Plasma lipid concentrations correlate inversely with CPB-induced interleukin-6 release

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Abstract

Purpose: Cardiopulmonary bypass (CPB) is characterized by translocation of intestinal endotoxin and subsequent endogenous production of the pro-inflammatory cytokine interleukin-6 (IL-6). Plasma lipid fractions, especially high density lipoproteins, bind and neutralize endotoxin and, therefore, inhibit endotoxin-induced macrophage cytokine production, including IL-6. Increased IL-6 plasma levels have been implicated in adverse consequences associated with CPB. Previous studies demonstrated large interpatient variability in IL-6 plasma level after CPB. The purpose of this study was to evaluate the relationship between plasma lipid concentrations and the concentrations of IL-6 following CPB in humans. Methods: In a prospective study, a group of 15 patients selected to exclude variables known to influence post-CPB plasma levels of IL-6 (preoperative left ventricular ejection fraction >45%, similar durations of aortic cross clamping and total CPB time, similar temperature control during CPB, and avoidance of platelet transfusion and shed mediastinal blood re-infusion), IL-6 was measured at baseline, one and 24 hr post-CPB. Results: Interleukin-6 plasma concentrations (mean ± SD) increased at one (142 ± 89 pg·ml-1, P < 0.05) and 24 (129 ± 82 pg·ml-1, P < 0.05) hr post-CPB compared with baseline (1.5 ± 1 pg·ml-1) concentrations. An inverse correlation was found between IL-6 plasma concentrations at one hour post-CPB and plasma cholesterol concentrations (r = -0.592, P = 0.02), high density lipoprotein (r = -0.595, P = 0.02), and low density lipoprotein (r = -0.656, P = 0.01). Conclusions: These results suggest that plasma lipids attenuate the production of IL-6 during CPB and may partly explain the variability of interpatient levels of IL-6 reported post-CPB by others.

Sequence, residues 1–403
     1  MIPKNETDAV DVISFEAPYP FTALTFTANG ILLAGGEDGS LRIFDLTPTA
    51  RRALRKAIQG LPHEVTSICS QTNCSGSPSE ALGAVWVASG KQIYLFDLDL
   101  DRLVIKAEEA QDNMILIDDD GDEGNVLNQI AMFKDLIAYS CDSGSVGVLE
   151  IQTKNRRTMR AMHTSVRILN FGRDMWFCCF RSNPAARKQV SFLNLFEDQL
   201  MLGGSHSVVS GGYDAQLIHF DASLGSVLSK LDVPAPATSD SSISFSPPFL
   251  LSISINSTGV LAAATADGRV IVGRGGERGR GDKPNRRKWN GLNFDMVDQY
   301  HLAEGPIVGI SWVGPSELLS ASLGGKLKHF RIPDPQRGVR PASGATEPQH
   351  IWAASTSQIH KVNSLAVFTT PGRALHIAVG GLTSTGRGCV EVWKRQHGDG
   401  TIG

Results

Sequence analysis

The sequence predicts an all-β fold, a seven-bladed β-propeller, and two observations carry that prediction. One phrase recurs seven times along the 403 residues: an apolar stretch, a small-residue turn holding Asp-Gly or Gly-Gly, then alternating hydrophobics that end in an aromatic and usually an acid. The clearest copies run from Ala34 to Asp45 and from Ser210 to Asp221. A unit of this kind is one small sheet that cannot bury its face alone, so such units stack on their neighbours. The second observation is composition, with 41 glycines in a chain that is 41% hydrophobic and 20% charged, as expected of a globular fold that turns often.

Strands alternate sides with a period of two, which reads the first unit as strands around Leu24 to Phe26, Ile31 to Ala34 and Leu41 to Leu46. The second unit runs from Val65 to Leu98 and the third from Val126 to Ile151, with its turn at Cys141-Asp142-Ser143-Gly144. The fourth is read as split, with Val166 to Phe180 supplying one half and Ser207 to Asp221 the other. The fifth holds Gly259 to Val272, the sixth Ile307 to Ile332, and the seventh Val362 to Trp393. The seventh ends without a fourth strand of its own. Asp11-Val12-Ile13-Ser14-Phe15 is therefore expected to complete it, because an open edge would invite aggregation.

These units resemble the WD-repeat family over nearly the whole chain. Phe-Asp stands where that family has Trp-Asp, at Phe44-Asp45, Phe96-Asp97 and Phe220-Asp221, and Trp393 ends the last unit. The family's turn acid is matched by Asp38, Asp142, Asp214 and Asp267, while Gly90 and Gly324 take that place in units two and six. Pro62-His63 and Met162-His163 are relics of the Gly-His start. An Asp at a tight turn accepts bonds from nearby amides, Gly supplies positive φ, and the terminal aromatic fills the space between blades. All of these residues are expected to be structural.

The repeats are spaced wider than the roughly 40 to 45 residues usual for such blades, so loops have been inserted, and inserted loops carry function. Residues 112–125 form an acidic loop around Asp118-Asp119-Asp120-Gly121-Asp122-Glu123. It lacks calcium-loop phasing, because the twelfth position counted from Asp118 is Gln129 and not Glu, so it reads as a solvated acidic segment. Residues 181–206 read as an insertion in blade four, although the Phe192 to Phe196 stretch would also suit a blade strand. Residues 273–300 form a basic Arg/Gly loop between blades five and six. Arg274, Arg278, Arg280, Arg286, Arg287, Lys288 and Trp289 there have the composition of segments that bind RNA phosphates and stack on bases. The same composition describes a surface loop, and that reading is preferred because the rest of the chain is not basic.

Original languageEnglish (US)
Pages (from-to)509-514
Number of pages6
JournalCanadian Journal of Anaesthesia
Volume45
Issue number6
Publication statusPublished - 1998

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ASJC Scopus subject areas

  • Anesthesiology and Pain Medicine

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